Heimtextil launches digital materials library
Heimtextil has introduced an online materials library: Future Materials Library, showcasing 24 future-oriented materials for interior applications.
The curator of the new materials library is London-based futures-research agency, FranklinTill. ‘We are transitioning to a materials revolution that will help restore the balance in our relationship to our planet. As part of the Heimtextil Trends 21/22, we present a new selection of materials for interior applications with exciting innovations from all over the world,’ says Caroline Till of FranklinTill.
The selection includes commercially viable products and developments in an early stage. Materials have been grouped into four themes: regenerative crops, remade fibres, harvesting waste streams and sustainable colours.
An example of a supplier of regenerative crops is the British company Tengri, which obtains rare yak fibres directly from a co-operative of nomadic yak shepherds in the Khangai region of Mongolia. In this way, Tengri enriches the pool of sustainable natural materials that, in addition to yak fibres, includes hemp, nettle and flax.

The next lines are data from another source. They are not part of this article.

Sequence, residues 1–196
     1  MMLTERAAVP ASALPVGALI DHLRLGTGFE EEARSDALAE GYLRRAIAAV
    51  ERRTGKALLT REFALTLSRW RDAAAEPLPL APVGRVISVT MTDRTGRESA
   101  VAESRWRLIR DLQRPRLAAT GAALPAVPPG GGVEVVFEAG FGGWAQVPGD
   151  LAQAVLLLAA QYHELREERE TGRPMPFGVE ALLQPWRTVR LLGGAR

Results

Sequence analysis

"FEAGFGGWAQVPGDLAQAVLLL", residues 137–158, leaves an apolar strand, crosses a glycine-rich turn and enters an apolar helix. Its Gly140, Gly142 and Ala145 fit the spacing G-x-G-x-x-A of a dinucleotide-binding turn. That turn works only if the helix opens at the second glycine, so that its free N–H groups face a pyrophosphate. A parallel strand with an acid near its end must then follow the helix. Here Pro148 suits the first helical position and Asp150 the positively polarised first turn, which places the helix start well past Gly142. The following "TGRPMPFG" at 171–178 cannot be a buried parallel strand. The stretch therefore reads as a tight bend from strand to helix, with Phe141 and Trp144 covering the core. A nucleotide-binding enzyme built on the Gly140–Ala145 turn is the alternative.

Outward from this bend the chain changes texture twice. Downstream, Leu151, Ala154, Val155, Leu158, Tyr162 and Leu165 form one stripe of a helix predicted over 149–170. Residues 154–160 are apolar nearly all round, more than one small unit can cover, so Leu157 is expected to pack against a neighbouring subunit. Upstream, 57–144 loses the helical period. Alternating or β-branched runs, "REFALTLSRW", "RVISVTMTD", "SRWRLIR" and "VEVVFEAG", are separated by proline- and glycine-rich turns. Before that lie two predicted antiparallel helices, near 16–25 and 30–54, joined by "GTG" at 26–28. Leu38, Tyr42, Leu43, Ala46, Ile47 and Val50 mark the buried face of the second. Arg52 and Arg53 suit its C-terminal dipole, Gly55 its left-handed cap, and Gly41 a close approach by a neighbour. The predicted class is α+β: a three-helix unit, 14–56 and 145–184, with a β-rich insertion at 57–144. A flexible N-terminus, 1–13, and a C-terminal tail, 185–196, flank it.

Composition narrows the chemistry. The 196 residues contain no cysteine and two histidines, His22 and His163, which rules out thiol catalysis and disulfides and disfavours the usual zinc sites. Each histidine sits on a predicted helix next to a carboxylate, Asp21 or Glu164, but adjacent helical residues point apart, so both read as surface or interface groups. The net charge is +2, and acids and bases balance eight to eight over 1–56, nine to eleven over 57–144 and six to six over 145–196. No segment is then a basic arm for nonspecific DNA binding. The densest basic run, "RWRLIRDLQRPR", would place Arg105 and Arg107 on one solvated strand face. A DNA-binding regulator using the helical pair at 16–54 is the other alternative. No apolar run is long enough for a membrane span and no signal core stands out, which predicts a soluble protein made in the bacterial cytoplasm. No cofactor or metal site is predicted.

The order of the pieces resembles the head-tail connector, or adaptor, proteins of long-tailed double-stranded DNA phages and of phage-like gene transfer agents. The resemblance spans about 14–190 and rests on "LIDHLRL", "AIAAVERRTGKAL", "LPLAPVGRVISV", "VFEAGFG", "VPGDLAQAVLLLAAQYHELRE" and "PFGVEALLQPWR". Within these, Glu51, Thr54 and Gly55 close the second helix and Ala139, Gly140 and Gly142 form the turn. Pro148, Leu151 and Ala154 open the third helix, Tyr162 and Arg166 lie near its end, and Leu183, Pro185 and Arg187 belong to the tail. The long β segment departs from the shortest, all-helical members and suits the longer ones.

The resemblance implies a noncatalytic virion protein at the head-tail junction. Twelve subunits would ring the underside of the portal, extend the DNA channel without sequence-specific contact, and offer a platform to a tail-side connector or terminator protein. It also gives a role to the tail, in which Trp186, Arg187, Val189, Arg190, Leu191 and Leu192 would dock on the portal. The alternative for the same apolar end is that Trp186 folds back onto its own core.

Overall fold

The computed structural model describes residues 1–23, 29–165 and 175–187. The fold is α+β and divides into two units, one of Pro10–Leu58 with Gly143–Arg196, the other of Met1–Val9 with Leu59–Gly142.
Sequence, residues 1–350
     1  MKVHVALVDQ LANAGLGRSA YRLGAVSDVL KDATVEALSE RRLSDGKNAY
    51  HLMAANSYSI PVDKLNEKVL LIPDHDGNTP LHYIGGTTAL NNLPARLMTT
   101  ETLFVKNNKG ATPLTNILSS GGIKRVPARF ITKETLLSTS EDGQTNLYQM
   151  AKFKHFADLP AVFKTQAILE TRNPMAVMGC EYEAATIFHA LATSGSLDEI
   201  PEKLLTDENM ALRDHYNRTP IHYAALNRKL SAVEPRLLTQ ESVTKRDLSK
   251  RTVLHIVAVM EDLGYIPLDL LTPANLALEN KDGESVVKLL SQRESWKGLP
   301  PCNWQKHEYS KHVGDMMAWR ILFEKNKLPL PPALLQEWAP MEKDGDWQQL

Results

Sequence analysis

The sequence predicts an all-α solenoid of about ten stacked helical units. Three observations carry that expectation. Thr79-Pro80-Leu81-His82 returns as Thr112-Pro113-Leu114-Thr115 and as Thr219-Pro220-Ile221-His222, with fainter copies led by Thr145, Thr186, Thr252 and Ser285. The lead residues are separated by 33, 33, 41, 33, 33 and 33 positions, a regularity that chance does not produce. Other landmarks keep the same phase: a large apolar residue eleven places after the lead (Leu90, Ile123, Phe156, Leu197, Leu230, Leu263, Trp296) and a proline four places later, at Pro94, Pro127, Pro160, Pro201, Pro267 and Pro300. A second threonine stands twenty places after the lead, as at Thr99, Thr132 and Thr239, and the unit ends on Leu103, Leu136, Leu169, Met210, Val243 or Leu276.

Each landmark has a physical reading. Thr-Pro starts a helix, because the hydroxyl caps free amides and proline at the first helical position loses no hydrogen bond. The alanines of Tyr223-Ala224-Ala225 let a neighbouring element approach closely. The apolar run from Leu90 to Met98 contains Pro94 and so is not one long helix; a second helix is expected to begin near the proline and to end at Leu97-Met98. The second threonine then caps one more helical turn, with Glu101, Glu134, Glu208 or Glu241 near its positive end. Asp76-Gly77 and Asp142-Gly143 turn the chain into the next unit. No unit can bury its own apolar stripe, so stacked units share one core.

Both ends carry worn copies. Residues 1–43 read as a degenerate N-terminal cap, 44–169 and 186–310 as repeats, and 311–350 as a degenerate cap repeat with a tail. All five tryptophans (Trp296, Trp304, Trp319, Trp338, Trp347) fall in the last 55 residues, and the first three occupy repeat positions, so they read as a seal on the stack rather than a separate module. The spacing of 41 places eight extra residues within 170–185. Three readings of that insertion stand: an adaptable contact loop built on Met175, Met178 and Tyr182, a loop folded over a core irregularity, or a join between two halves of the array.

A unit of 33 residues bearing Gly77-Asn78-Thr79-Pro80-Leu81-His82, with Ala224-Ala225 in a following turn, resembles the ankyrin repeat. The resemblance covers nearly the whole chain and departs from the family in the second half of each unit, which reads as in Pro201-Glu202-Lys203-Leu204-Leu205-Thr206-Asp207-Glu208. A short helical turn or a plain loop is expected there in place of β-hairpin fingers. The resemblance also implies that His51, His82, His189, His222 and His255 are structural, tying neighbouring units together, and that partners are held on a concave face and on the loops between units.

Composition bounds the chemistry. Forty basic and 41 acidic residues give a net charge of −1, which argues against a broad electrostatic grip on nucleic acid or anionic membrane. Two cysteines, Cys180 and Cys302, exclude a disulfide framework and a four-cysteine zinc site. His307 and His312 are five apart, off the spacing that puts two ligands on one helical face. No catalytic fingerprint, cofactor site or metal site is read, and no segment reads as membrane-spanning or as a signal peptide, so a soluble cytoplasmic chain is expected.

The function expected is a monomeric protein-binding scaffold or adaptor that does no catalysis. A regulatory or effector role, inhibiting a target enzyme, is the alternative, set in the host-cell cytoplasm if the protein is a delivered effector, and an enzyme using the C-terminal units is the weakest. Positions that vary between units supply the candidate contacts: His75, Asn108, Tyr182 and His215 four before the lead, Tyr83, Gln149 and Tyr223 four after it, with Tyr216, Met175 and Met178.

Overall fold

When it comes to remade fibres, the Finnish pioneers from Ioncell supply a pioneering material: they use an ionic liquid to turn used textiles, pulp, old newspapers and cardboard into strong textile fibres, which are then used to make long-lasting, high-quality fabrics.
Tarkett also exploits waste products and gives fitted and used floor coverings a second life. With the aid of ground-breaking technologies, the two main components of carpet tiles – yarn and backing – are separated and a yarn purity of 95% guaranteed.
Against the background of 28 million tonnes of food being thrown away every year in Japan, the country’s Food Textile company is dedicated to the reduction of food waste, which it uses to make sustainable dyes. In a patented process, blueberries, red cabbage, coffee and matcha are turned into natural, brilliant textile dyes.